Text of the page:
LA mayoral race: Interactive charts show where the city’s candidates are getting money

Hello and welcome to Essential California newsletter. It is Wednesday May 11. I am Justin Ray.

Los Angeles residents were expected to begin receiving their ballots this week to have their say on who will be the city’s next mayor.

Candidates offer very different solutions for the problems facing the city. But there’s one thing they have in common: Over the next month, they’ll have to get their name out there through a mix of publicity, events and canvassing.

You may have questions, such as, how and where can you vote? What do the candidates represent? To help you, we have published a guide to the election.

In this year’s election, nearly $40 million was paid out in contributions and loans, the most of any Los Angeles mayoral race to date. Billionaire developer Rick Caruso gave his campaign $25 million, far more than any other candidate in the race.

Speaking of money in the race, the Los Angeles Times has released an interactive chart that shows where in the city each contestant received money from. The Times found patterns in pockets of support received across the state.

There are several takeaways from the interactive chart. On the one hand, residents of affluent areas opened their checkbooks, with more than $280,000 coming from Brentwood alone, the highest amount of any region. Karen Bass receives contributions not only from large swathes of the city, but also from what appears to be the San Bernardino-Riverside corridor. Kevin de León appears to draw financial contributions from heavily Latin American areas to the east of the city proper.

You can enter your own zip code to see where your neighborhood money went. Check everything here.

And now, Here’s what’s happening across California:

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STORIES FROM THE

Exclusive interview: Columnist Bill Plaschke sat down with Lakers owner Jeanie Buss for an exclusive, wide-ranging interview that included all the major questions fans have been asking this offseason. She says she understands fans’ frustration and agrees that “I have to improve on it.” Los Angeles Times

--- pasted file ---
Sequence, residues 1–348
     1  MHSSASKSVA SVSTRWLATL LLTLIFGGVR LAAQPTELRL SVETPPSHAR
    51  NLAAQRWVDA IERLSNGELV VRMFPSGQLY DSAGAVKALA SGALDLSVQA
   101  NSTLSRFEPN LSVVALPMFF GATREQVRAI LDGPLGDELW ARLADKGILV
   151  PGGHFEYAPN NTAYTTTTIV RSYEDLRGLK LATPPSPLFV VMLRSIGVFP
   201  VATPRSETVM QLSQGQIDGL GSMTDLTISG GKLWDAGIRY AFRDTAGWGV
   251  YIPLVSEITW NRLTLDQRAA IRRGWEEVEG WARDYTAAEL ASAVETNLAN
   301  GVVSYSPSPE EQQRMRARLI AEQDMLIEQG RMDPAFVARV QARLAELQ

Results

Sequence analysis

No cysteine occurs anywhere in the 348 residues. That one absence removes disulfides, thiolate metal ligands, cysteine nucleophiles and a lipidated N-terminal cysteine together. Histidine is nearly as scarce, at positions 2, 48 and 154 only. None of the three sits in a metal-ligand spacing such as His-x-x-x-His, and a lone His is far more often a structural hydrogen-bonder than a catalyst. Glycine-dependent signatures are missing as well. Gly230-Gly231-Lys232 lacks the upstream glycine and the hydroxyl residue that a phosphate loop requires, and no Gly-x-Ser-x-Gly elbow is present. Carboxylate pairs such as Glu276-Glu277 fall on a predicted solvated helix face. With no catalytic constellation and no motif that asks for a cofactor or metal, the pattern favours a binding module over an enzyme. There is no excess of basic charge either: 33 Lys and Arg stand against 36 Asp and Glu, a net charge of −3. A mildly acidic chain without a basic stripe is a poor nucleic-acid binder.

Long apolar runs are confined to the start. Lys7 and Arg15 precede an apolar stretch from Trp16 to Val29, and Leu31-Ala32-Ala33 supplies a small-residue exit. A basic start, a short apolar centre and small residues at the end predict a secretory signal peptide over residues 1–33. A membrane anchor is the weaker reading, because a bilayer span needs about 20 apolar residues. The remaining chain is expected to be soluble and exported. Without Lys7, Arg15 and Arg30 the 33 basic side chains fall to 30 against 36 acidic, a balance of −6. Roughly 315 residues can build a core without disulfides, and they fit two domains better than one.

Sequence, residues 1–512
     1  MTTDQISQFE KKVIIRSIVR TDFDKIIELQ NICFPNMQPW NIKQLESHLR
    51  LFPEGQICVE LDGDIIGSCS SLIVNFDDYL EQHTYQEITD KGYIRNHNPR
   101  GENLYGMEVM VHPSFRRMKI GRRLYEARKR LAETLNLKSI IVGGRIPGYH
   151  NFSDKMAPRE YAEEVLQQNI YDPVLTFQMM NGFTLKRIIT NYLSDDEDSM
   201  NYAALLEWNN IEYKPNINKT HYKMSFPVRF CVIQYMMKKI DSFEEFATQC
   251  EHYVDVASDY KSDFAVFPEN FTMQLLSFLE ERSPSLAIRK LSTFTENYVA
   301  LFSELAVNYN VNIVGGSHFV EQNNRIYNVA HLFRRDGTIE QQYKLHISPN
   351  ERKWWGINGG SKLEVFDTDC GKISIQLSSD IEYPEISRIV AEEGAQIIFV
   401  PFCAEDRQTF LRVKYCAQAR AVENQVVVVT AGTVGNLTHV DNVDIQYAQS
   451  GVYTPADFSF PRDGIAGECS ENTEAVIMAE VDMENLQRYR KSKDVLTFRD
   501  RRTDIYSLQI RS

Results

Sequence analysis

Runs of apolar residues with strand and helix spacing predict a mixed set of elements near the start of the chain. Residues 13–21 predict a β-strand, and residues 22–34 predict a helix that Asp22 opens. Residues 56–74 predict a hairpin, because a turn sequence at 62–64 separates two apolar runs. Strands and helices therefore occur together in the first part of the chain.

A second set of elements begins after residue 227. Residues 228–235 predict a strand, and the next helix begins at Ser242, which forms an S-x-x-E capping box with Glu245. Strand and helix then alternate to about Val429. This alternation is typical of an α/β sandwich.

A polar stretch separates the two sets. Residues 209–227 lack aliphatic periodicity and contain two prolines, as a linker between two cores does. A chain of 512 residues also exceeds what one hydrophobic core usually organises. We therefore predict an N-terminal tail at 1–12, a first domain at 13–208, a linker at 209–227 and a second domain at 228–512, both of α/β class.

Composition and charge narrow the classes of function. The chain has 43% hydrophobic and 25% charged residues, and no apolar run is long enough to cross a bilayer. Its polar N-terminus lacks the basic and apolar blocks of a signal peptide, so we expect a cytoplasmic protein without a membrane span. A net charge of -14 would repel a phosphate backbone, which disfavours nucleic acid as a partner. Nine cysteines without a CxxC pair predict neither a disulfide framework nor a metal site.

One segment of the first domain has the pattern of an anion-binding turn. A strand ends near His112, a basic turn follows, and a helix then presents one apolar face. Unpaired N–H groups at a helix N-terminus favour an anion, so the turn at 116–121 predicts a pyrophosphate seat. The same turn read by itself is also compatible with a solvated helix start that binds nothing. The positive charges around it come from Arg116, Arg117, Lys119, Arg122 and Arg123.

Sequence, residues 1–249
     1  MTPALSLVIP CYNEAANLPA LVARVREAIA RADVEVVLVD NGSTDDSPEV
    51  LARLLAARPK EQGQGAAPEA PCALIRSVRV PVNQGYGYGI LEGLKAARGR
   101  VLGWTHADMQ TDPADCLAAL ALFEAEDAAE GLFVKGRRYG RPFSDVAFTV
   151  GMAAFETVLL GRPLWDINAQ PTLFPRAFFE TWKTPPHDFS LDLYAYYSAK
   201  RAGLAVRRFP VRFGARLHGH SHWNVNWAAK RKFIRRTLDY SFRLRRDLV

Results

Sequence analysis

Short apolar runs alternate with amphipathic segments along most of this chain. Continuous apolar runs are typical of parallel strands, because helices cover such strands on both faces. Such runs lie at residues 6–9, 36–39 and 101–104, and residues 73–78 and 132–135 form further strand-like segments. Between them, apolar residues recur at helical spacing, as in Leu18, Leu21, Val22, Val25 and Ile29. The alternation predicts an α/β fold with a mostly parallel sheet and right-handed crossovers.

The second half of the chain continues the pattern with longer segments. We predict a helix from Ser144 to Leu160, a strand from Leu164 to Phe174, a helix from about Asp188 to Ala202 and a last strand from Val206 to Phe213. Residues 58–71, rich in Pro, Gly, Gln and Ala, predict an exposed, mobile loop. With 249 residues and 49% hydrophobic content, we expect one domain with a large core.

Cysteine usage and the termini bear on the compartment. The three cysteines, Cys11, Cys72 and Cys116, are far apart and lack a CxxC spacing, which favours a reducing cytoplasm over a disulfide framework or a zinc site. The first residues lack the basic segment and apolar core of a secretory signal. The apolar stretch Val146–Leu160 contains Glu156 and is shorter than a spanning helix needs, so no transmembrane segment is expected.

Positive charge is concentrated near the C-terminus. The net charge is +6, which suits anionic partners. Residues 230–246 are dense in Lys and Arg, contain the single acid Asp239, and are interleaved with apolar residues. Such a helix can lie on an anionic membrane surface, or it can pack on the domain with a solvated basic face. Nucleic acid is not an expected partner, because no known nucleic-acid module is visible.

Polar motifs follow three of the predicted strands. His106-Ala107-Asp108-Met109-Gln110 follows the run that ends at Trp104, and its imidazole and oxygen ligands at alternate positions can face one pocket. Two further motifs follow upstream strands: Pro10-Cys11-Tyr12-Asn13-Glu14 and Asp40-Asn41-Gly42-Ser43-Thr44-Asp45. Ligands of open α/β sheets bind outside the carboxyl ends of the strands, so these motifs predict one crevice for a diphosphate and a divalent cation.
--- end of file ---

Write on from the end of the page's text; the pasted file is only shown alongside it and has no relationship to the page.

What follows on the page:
Jeanie Buss, CEO and co-owner of the Los Angeles Lakers, pictured in 2021.

(Allen J. Schaben/Los Angeles Times)

“The homeless community is exploding. There are no places to go. Except jails. This conversation between activist Theo Henderson and researcher Ananya Roy is about how Los Angeles can combat homelessness. The discussion, which took place at UCLA Luskin Institute on Inequality and Democracyof which Roy is Founding Director and Henderson is Activist-in-Residence, explores the role of government intervention as well as the need to elevate public discourse around the subject. Los Angeles Times

A man and a woman sit outside in bright sunshine under tall trees.

Theo Henderson, left, and Ananya Roy discussed homelessness for Image magazine.

(Brittany Bravo / For The Times)

Meet the GOAT of bass fishermen. “There are many Los Angeles sports GOATs. Kobe Bryant. Jackie Joyner-Kersee. Wayne Gretzky. Butch Brown. Butch Brown? writes Steven E. Banks. “It’s a name spoken in hushed tones of reverence in the bass fishing community.” Los Angeles Times

An investigation into allegations surrounding Mayor Eric Garcetti and his former top aide found it ‘extremely unlikely’ that Garcetti was unaware of the assistant’s alleged inappropriate behavior. Los Angeles Times